My Jurassic Christmas Tree
Another update on a post out of the archives. Sadly my Jurassic Christmas tree did not survive the dry heat of a southern Queensland summer. It is a glorious tree and deserves to be known about by more Australians.
Now for some time I have been feeling extremely guilty about the way my bush garden has been going to pot. And it’s all down to the ongoing drought here in Australia, my lack of time. I’ve been assuaging the guilt by telling myself that I would be away for some of the hottest weeks of the year, and so this year, there was no need to plant, and it’s true. The drought is wreaking havoc; everything seems dry and lethargic, and I’ve been in no mood to pour what rainwater I have harvested onto ground that is not going to do much with it–which is why I have taken to pot gardening in a big way. At least I can control the feeding and watering.
One of the native trees I’ve been hearing about for some time now is the Wollomi Pine, the fabled “dinosaur tree.” It was long thought to be extinct, but was actually growing away very happily and secretly in a national park outside Sydney. An abseiling botanist discovered the last stand of these beautiful trees from which seeds and cuttings have since been taken. The trees are now available for sale in Australia, but the original location remains a secret as it should.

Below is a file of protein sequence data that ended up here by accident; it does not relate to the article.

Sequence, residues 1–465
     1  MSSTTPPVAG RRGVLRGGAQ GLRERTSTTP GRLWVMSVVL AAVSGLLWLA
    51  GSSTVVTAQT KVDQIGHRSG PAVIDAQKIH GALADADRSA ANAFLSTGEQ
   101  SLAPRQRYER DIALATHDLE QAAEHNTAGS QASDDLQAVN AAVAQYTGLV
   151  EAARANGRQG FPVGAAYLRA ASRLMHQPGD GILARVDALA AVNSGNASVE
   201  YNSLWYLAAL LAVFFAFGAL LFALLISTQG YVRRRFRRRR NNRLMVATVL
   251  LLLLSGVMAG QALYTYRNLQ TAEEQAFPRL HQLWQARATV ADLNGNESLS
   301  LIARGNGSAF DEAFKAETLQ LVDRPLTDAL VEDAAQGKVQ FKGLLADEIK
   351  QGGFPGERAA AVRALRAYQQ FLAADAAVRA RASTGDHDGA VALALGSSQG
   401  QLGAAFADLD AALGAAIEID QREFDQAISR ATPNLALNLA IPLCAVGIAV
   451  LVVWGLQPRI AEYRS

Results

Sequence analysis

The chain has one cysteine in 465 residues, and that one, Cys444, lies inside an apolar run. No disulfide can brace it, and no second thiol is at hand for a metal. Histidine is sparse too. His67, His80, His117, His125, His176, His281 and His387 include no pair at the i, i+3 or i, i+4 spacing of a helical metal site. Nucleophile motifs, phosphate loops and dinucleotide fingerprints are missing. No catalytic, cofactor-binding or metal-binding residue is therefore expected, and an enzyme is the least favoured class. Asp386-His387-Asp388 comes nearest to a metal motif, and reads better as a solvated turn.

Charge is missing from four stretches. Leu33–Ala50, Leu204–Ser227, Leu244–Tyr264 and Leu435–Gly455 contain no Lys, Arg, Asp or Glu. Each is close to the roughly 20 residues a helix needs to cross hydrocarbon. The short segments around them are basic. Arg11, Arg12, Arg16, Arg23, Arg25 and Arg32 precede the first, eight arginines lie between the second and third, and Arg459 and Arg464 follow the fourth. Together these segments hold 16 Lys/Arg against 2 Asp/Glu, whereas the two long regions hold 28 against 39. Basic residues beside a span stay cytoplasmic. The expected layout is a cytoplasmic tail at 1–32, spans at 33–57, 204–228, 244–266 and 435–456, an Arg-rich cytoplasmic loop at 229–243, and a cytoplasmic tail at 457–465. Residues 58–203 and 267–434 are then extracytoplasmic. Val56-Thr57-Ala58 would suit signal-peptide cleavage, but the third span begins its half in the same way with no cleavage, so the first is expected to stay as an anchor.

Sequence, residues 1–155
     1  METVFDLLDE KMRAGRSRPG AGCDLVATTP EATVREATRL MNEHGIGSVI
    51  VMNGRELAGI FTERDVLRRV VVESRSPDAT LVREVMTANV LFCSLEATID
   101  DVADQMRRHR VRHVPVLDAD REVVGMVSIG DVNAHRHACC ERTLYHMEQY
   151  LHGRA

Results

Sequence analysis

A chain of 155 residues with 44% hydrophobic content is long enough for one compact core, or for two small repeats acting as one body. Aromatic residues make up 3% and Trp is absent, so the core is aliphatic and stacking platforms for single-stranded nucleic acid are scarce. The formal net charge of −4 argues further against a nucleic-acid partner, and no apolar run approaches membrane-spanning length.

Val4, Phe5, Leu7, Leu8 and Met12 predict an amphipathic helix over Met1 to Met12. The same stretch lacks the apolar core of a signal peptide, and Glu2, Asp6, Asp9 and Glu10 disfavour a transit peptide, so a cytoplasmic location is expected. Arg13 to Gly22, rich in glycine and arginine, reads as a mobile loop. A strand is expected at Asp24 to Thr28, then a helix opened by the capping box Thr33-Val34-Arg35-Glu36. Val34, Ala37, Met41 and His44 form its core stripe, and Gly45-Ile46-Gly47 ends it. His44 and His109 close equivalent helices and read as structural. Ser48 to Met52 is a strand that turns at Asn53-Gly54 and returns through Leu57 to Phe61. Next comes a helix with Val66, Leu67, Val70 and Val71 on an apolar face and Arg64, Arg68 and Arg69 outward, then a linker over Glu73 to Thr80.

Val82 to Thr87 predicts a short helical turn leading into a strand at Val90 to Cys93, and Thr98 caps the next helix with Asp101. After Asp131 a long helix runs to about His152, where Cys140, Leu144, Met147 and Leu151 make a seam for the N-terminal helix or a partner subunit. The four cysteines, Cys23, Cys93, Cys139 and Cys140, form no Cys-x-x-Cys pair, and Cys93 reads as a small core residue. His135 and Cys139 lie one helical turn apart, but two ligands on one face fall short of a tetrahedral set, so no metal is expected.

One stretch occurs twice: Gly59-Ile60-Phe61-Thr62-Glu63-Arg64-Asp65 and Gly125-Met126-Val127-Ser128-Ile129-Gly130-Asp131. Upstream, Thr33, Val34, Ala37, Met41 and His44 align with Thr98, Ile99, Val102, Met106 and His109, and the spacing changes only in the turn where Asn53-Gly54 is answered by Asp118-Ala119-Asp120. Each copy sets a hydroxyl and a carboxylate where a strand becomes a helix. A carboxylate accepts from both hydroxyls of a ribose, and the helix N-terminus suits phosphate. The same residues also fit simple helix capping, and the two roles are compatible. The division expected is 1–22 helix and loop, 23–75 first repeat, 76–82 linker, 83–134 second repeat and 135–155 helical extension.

Feeling a bit flush with my Christmas leave loading, I decided that this year, I would get one for our Christmas tree. I went hunting this morning, and found a little stash at a local nursery. $99.95 later, with certificate of authentication, a very smart wrapping around a 1m high specimen in a biodegrable pot, I now have a Jurassic Christmas tree of my own. It is a beautiful specimen, delicate and robust at one and the same time: the young growth is soft and lime green, the mature leaves blue-green and tougher, and apparently the bark gets “bubbles” as the tree matures. Wollomis do equally well in pots and as specimens in the ground, but for now, mine is going to be potted and live on the deck for a while.
You can read all about them at the official site of the Wollomi Pine.